To anyone who is interested in fat-water separation within the field of MRI, I offer the following (click for PDF):
This is a chapter from my master’s thesis that explains the most common methods of fat-water separation and presents a very handy geometric interpretation of two-point Dixon imaging. I’ve been told that the interpretation is very helpful for newcomers to the field.
If you find it useful at all, please share it.
What is fat-water separation, you might ask?
MRI detects hydrogen atoms; and there are two main places in your body where hydrogen atoms hang out: fat molecules and water molecules. So in the context of MRI, we can say that most tissue in your body is either fat or water. (Examples of “water” here include muscle, blood, skin, and pretty much anything except fat.) Fat-water separation is simply the process of distinguishing between the two tissue types in an MRI image.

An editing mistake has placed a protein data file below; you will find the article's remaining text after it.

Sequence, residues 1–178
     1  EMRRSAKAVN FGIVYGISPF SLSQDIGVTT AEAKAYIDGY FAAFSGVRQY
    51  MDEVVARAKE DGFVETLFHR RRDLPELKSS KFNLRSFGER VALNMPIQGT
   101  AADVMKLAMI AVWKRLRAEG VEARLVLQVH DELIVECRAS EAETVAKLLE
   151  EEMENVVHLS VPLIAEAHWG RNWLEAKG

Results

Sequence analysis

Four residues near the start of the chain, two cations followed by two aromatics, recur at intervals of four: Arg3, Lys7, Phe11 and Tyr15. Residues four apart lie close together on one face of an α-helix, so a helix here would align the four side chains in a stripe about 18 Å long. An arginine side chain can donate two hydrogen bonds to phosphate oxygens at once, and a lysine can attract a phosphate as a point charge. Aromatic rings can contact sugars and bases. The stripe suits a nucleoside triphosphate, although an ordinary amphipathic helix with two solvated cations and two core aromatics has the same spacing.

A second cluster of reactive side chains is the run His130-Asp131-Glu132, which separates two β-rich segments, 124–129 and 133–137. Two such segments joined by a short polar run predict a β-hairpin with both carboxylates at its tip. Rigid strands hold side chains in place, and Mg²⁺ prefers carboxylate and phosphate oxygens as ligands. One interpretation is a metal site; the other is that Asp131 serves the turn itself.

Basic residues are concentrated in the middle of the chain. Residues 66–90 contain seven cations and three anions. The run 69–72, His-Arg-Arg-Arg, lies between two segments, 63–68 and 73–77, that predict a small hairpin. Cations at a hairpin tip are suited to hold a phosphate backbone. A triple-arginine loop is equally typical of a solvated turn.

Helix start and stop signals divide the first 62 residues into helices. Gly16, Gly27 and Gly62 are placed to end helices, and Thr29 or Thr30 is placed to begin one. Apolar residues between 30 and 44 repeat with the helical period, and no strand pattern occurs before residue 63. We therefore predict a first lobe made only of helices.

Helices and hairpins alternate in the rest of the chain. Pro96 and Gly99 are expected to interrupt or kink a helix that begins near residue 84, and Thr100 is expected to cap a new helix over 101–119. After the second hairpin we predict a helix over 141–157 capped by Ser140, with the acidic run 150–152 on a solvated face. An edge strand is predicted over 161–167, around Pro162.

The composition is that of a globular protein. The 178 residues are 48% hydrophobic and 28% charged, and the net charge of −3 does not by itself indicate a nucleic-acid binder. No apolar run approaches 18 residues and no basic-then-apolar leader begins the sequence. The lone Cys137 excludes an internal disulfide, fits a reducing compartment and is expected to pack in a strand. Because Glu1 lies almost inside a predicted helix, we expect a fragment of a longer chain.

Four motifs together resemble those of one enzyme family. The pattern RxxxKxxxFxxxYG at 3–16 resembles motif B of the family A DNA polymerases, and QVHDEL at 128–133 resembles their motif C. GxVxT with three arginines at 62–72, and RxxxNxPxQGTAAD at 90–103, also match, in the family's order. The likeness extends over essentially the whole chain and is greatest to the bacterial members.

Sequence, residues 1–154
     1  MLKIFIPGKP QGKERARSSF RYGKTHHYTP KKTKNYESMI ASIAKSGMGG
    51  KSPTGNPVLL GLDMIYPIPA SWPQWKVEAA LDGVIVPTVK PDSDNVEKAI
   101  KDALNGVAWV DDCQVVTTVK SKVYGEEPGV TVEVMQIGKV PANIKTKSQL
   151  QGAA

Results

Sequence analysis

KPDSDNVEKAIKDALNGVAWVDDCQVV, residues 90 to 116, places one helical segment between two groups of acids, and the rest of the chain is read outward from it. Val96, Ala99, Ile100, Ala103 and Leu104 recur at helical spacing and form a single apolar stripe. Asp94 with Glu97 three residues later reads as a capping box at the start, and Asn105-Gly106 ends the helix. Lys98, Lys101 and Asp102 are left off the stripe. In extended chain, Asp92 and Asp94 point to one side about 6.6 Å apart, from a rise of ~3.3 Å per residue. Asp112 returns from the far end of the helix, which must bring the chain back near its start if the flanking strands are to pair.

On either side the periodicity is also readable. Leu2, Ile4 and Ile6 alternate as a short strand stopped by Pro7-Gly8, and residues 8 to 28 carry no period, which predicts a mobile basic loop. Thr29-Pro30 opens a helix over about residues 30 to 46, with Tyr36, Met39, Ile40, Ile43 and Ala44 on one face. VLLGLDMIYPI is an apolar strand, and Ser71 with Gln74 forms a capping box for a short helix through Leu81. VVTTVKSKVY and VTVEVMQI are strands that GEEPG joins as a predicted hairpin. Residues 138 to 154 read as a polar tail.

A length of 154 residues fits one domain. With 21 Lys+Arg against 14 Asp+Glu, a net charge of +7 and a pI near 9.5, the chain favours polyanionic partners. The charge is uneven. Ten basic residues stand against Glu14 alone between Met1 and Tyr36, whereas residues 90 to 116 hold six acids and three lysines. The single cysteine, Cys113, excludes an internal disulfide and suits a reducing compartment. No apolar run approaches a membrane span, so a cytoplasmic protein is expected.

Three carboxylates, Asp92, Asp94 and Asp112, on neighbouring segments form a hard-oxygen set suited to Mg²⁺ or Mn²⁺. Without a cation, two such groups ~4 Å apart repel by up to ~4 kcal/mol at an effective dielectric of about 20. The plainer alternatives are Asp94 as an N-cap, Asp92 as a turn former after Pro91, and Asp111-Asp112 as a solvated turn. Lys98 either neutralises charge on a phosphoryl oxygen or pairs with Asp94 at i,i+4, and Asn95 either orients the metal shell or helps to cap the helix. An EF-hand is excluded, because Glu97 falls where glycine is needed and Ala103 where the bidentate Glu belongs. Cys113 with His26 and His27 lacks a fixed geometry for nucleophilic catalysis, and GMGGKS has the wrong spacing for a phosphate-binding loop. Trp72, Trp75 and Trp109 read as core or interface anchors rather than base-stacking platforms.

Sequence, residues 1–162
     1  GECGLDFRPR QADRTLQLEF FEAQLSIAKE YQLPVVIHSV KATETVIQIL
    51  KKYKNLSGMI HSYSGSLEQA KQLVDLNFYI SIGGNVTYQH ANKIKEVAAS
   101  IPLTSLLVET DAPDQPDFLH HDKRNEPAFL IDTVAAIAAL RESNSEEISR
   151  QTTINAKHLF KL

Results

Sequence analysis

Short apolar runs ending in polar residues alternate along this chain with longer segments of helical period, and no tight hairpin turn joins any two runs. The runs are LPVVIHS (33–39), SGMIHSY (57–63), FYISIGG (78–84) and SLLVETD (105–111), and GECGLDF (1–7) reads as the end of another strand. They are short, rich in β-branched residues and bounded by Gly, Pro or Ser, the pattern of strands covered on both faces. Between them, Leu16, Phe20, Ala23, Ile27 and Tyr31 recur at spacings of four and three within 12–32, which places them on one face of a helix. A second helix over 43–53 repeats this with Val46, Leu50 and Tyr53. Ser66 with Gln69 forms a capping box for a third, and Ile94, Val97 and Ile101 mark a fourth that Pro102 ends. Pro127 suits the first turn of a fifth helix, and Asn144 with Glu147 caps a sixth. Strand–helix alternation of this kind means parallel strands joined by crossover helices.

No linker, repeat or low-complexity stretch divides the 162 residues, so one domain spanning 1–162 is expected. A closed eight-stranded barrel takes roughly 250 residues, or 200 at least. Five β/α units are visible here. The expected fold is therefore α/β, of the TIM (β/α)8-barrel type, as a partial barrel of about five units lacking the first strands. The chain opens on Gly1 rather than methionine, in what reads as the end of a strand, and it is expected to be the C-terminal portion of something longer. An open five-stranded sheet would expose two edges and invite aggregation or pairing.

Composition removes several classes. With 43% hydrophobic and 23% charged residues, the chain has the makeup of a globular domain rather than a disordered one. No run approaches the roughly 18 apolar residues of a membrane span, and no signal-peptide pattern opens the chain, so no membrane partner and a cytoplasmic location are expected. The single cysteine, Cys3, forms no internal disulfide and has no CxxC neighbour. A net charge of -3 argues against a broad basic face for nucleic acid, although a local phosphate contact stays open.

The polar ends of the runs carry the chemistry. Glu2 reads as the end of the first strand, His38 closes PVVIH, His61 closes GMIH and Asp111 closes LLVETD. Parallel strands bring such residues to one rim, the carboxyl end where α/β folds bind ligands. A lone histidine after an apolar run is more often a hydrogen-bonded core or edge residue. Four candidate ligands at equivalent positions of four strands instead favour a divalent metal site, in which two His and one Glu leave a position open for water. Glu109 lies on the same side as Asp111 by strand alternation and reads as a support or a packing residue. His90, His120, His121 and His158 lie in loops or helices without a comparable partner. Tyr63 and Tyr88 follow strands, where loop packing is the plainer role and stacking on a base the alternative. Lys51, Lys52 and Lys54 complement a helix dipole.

Doctors often want either to remove the fat from an image so they can see things the fat might be hiding, or to create two separate images, one of fat only and one of water only. Doing so can help them give patients a more accurate diagnosis.
Fat-water separation techniques involve some interesting physics and math. For more info, click on the link provided above.